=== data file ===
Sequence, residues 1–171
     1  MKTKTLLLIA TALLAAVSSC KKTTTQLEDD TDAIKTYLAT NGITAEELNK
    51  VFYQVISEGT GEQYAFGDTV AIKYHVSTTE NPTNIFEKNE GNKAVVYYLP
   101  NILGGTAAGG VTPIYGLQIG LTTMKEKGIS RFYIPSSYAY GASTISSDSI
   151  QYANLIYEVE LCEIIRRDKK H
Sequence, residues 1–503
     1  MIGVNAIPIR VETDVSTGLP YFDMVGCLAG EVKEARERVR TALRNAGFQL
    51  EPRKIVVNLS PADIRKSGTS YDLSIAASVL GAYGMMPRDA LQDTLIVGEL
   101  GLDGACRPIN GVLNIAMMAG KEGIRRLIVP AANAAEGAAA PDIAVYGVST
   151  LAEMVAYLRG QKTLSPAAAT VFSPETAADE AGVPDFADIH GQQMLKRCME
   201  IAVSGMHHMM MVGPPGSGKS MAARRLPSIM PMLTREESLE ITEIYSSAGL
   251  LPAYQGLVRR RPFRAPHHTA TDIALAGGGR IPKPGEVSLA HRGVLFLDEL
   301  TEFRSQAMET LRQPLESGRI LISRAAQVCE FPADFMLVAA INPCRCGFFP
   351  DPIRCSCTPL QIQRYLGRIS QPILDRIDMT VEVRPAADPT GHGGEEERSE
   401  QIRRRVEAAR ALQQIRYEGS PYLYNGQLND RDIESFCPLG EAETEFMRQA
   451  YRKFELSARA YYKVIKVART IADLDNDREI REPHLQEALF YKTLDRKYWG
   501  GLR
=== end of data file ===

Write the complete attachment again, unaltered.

Sequence, residues 1–171
     1  MKTKTLLLIA TALLAAVSSC KKTTTQLEDD TDAIKTYLAT NGITAEELNK
    51  VFYQVISEGT GEQYAFGDTV AIKYHVSTTE NPTNIFEKNE GNKAVVYYLP
   101  NILGGTAAGG VTPIYGLQIG LTTMKEKGIS RFYIPSSYAY GASTISSDSI
   151  QYANLIYEVE LCEIIRRDKK H
Sequence, residues 1–503
     1  MIGVNAIPIR VETDVSTGLP YFDMVGCLAG EVKEARERVR TALRNAGFQL
    51  EPRKIVVNLS PADIRKSGTS YDLSIAASVL GAYGMMPRDA LQDTLIVGEL
   101  GLDGACRPIN GVLNIAMMAG KEGIRRLIVP AANAAEGAAA PDIAVYGVST
   151  LAEMVAYLRG QKTLSPAAAT VFSPETAADE AGVPDFADIH GQQMLKRCME
   201  IAVSGMHHMM MVGPPGSGKS MAARRLPSIM PMLTREESLE ITEIYSSAGL
   251  LPAYQGLVRR RPFRAPHHTA TDIALAGGGR IPKPGEVSLA HRGVLFLDEL
   301  TEFRSQAMET LRQPLESGRI LISRAAQVCE FPADFMLVAA INPCRCGFFP
   351  DPIRCSCTPL QIQRYLGRIS QPILDRIDMT VEVRPAADPT GHGGEEERSE
   401  QIRRRVEAAR ALQQIRYEGS PYLYNGQLND RDIESFCPLG EAETEFMRQA
   451  YRKFELSARA YYKVIKVART IADLDNDREI REPHLQEALF YKTLDRKYWG
   501  GLR